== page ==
Sidney Williams. Sure. So, as you mentioned, I’m a graduate of Wesley Seminary. And when I was a student there, Dr. Weems was very inspirational. I walked away from Wesley with my MDIV wondering what the next faithful step would be as a pastor, as a seminary graduate. But one of the perplexing questions that was gnawing at me was how to we make sense of empowering congregations and communities when congregations are under resourced and the members of those congregations are either unemployed or underemployed, and yet wanting to do the work of God in their community, in their church. And so, I saw there was a gap of a will to work but essentially limited resources to take care of their own families and to do the work assigned to them in their churches. So, this work Fishing Differently comes out of that question of trying to understand how congregations can begin to fish differently — not only have sustainability for their church but more importantly how to do the kingdom building work in the community.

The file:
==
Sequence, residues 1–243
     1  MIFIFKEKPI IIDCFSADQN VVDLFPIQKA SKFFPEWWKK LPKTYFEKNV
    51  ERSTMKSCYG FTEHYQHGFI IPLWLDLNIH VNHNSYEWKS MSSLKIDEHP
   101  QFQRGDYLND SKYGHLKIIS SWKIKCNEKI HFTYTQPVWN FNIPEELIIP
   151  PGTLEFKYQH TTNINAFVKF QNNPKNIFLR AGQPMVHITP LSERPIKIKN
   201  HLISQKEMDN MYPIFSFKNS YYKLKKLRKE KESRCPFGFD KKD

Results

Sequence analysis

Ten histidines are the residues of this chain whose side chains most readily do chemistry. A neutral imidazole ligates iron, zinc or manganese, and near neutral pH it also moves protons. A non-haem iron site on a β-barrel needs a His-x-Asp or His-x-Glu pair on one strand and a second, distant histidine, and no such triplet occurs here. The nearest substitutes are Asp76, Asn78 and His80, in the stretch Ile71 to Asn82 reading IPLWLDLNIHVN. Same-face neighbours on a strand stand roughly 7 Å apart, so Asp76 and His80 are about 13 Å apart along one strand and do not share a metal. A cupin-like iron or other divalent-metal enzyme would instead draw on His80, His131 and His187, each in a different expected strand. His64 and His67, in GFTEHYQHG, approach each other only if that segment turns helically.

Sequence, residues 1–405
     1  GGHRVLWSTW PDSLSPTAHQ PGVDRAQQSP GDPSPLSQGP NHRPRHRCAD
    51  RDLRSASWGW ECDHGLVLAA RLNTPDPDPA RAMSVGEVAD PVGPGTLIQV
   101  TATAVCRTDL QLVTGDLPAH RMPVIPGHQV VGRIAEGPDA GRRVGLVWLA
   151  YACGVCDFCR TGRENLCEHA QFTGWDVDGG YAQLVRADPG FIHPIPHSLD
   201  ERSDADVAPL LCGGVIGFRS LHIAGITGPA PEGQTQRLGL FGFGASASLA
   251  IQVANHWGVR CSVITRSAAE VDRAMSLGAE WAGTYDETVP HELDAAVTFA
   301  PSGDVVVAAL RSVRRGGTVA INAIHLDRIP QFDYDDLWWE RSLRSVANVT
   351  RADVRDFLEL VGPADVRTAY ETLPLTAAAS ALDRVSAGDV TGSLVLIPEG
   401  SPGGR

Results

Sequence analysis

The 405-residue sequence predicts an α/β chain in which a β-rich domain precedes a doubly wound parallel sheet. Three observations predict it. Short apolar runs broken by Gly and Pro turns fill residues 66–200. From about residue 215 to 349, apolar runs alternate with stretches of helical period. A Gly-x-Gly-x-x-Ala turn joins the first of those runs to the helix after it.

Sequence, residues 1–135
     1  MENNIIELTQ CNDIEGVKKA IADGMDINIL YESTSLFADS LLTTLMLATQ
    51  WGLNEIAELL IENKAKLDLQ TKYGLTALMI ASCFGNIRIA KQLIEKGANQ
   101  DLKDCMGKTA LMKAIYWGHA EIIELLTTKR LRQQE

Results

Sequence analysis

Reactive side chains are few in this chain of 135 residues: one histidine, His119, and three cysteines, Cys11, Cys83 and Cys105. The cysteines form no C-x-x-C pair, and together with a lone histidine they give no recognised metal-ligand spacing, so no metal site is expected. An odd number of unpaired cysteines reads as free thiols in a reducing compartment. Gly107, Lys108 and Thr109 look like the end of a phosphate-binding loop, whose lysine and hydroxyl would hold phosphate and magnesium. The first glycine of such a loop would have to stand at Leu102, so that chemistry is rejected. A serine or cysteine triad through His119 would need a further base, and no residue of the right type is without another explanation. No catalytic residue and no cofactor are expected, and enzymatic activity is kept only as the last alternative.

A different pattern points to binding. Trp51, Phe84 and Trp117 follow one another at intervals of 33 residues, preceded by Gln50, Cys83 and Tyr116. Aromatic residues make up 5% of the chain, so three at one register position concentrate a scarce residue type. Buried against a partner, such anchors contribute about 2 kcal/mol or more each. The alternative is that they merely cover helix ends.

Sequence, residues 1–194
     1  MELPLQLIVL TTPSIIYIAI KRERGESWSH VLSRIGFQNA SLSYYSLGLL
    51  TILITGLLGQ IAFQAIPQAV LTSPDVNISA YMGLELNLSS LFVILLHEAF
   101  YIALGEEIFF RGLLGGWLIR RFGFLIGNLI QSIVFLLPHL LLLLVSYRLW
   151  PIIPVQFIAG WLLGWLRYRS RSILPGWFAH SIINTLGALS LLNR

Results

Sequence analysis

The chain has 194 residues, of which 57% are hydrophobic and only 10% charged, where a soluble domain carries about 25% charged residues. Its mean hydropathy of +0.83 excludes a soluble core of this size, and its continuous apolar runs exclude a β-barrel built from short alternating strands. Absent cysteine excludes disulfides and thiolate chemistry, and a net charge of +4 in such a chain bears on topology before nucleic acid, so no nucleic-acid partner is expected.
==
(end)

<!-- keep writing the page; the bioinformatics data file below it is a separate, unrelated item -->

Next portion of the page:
Ann Michel. So, you mentioned the challenge of churches being under resourced. I imagine you work with a range of different kinds of congregations. So, what kinds of challenges and trends you are seeing with regard to congregations and their need to resource their ministry?

Sidney Williams. One of the things that when I was a student of Wesley that I was made aware of in congregations is a gap of ideas. Often times the lay persons within congregations come not always with financial resources but with a wealth of ideas to empower the congregation to do the work of ministry. But sometimes there is an unwillingness or an unprepared to listen to the stories of these persons in these congregations. And so, as Dr. Weems always talks about the next faithful step, I think sometimes pastors are a bit anxious about what that next step is. And rather than listening to the stories and assessing the wealth of ideas within congregations, we tend to rush into projects and programs without sufficient resources and without the engagement of the congregations. And so, it exacerbates an already under resourced congregation. And then it frustrates the pastor. And then there is turnover. And so, I saw there was frustration both from the congregation and the pastor in wanting to do the work and trying to execute the work.